On-Base Perception

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Inside John Buck's hot start for the Mets

John Buck hits a second-inning solo home run

John Buck hits a second-inning solo home run during a game against the Washington Nationals at Citi Field. (April 21, 2013) (Credit: Kathleen Malone-Van Dyke)

The Mets knew they were getting a potential star catcher back when they traded R.A. Dickey to Toronto in December. They just didn't expect it to be John Buck.

Buck, a 32-year-old career .236 hitter who'd already been traded once last offseason, was more of a throw-in on the deal that brought catching prospect Travis d'Arnaud to the Mets.

Yet one month into the season, Buck is flourishing in Flushing.

Entering last night's games, he led the National League with 23 RBIs. He hit his eighth home run -- which was tied for third-best in the majors -- Saturday.

Is this some kind of small-sample-size fluke? Maybe, but Buck's production may be sustainable.

His stats aren't showing significant tells in platoon splits or ballpark preference. Four homers have come against lefties, four against righties; four at Citi Field, four on the road; four have been pulled, three hit to the opposite field, one to centerfield. No matter who's pitching to him, no matter what ballpark they're pitching in and no matter what section of the strike zone they're attacking, Buck has shown an equal chance of doing damage.

He's also producing regardless of pressure. Before Saturday, he was homering once every eight at-bats in high leverage situations, once every 7.6 at-bats in medium leverage spots and once every 15.5 at-bats in low leverage conditions. He's homered four times with men on base and slammed three solo shots.

Though his four percent walk rate is characteristically low this season, Buck appears to have improved his pitch selection, and therein may lie the secret to his success.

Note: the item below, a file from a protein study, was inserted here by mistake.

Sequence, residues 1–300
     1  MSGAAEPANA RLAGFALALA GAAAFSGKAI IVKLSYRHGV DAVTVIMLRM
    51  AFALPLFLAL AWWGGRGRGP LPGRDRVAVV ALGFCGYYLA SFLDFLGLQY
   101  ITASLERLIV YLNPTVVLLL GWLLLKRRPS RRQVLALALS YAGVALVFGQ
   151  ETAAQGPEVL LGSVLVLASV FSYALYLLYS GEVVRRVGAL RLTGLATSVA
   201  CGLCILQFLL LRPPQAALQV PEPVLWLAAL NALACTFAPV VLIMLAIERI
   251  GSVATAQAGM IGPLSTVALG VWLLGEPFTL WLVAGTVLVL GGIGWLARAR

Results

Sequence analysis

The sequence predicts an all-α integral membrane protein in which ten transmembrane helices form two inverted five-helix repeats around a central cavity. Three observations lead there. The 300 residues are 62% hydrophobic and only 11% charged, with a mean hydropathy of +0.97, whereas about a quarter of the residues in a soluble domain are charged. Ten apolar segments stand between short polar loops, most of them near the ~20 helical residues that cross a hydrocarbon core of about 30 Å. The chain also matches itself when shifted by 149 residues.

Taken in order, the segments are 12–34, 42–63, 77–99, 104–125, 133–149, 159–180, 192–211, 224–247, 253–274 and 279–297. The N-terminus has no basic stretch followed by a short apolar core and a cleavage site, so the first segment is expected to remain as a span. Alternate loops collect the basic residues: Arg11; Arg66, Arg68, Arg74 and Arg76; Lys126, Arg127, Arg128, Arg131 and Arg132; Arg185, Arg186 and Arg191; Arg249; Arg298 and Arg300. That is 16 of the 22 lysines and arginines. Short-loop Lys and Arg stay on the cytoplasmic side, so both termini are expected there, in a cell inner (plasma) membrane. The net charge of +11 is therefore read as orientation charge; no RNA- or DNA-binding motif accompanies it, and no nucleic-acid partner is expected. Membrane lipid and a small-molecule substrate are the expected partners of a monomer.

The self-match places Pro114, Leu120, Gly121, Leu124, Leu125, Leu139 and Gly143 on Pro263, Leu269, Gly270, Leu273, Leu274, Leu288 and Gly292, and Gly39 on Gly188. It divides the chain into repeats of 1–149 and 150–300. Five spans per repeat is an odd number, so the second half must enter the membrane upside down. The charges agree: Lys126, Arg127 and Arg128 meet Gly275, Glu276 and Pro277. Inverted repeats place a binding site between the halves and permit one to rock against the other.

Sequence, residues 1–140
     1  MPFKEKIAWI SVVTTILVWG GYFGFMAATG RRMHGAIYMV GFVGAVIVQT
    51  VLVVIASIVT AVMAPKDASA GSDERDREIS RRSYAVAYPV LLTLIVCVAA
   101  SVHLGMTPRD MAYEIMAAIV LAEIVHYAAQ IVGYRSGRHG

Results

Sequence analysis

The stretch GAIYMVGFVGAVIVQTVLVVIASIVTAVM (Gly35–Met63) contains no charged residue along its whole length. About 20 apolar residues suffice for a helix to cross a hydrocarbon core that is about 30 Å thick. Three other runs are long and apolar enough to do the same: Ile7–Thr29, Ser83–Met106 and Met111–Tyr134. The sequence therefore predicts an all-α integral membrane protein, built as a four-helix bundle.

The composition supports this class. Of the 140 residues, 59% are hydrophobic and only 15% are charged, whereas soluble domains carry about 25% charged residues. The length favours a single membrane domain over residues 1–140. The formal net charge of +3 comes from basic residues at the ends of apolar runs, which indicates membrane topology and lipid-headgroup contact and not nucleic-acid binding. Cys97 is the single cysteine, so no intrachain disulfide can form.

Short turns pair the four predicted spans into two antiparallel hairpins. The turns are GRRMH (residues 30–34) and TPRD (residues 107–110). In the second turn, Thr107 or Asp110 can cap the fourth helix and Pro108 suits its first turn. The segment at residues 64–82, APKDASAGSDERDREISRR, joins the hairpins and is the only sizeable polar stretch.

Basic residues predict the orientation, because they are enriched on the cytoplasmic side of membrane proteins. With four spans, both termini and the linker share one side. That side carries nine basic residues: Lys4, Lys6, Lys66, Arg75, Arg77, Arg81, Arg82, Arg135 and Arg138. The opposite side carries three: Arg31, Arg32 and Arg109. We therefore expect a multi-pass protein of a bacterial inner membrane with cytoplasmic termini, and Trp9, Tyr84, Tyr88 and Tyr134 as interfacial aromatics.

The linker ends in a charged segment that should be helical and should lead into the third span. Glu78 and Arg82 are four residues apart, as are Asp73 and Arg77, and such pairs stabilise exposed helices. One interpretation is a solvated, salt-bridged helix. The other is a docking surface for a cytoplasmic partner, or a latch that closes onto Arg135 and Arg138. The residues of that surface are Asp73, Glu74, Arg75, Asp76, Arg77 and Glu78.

He's swinging at just 24.8 percent of pitches outside the strike zone and 70.3 percent of pitches in the strike zone -- both numbers are the second lowest of his career. Meanwhile, Buck's making contact with pitches outside the strike zone 64.7 percent of the time (second best in his career) and hitting pitches inside the zone 84.7 percent of the time (highest since 2005-06). Buck's strikeout rate has plummeted to 15.2 percent from a career rate of 23.7.

There are warning signs, however. Despite a career home run per fly ball rate of 12.8 percent, Buck is at a whopping 25 percent this season. Since that stat began being kept in 2002, a HR/FB rate of 25 percent or greater has only been posted over the course of a full season 42 times, or just 2.4 percent of the time.

But what if Buck does keep this up?

Since 1913, only 415 players have hit at least seven home runs by the end of April, and 65.7 percent went on to club at least 20 homers and 43.8 percent hit at least 30.

Buck is already part of an elite club. Only 13 other catchers have homered at least seven times by the end of April. And the Mets have the market cornered: Gary Carter hit seven in 1988 (though he only finished the season with 11); Todd Hundley had eight in 1996 and ended up with 41 homers; Mike Piazza hit at least seven April homers three times (1998, 2001, 2002).

Buck may only be keeping the starting catcher's job warm for d'Arnaud, but he's been hot while doing it.

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